Assurances from the UK Department of Health of the safety of the measles jab being given to all British school children is based on flimsy scientific data and assumptions, American counterparts have admitted.

The real safety of revaccinations or booster jabs will not be known for another year when a trial involving 600 children in the US is completed.

Although this was explained by the American National Immunization Program last February to Dr David Salisbury, principal medical officer at the Department of Health (DoH), the British government pressed ahead with one of the most ambitious immunization campaigns ever seen in an industrialized country. They have assured parents that side effects to booster jabs are very unlikely after being “carefully studied by looking at large numbers of children in the United States. . .”, as the leaflet given to every schoolchild explained.

However, this was not the information given by the American health authorities. Dr Mark Papania, of the US National Immunization Program, told Dr Salisbury in a letter of 18 February that the safety of the booster jabs is largely based on three studies, two of which were voluntary questionnaires which cannot be regarded as scientific. The third involved just 303 people, not the “large number” suggested by the British government.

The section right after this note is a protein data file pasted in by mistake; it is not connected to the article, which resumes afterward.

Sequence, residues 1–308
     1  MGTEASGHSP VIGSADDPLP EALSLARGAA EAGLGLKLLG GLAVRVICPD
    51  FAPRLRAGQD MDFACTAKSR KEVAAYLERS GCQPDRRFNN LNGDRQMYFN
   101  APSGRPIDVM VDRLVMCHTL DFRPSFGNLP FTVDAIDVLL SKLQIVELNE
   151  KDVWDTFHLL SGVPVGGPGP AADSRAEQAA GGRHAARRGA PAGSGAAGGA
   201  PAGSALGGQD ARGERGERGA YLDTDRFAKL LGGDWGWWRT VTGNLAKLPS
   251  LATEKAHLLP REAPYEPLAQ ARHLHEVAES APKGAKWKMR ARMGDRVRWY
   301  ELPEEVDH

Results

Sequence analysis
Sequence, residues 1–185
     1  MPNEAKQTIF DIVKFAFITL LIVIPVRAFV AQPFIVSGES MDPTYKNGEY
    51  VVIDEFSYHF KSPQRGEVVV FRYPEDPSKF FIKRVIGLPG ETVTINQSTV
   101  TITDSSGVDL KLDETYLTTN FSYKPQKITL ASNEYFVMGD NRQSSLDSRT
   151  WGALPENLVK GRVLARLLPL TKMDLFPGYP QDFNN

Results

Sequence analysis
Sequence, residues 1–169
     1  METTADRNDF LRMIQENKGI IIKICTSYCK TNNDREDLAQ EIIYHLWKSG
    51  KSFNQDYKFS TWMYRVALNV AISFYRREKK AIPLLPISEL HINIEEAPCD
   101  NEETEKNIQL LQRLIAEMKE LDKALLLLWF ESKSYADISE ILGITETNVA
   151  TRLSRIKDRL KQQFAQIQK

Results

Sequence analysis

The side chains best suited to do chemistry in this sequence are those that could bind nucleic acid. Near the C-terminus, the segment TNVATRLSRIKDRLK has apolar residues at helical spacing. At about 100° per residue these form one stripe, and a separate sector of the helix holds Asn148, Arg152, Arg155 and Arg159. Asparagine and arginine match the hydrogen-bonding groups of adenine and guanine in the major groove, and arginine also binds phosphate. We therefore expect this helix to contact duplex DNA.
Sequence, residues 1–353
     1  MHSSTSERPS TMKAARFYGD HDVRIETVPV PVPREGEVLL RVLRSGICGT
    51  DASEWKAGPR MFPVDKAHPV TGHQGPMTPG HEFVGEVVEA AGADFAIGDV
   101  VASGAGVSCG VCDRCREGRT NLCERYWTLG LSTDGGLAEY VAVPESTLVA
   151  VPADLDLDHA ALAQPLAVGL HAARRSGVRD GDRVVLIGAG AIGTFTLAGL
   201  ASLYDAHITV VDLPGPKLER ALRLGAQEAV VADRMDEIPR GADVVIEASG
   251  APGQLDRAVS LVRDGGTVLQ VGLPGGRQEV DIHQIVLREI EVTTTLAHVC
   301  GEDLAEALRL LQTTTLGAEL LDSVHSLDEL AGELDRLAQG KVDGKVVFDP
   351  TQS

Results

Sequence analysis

The finding of the third, called the Bass study, “. . . supports your (and our) assumption that adverse events are less likely with revaccination”, wrote Dr Papania (italics ours).

But he goes on to describe a full scientific study involving 600 children, split into three age groups, which would be completed in about a year’s time. In an interview with WDDTY, he said this would be the first proper scientific study into adverse reactions.

And while the DoH was assuring the British public of the safety of the vaccine, they were informing doctors in a privately circulated letter that incidents of arthritis could be 11 per cent as a result of the vaccine.

And while they have been confidently telling British journalists that nobody has died as a result of the vaccine, even the conservative BMJ admits to at least eight deaths since 1988 (BMJ, 24 September 1994). About 100 families whose children have either died or suffered serious injury following the MMR vaccine (the mumps element has been withdrawn for the current campaign) have won legal aid to investigate a multi million pound claim for compensation.

The whole exercise has been dismissed by Dr Richard Nicholson, editor of Bulletin of Medical Ethics, as “an experiment on our children that breaches government guidelines” (The Times, 3 November 1994).

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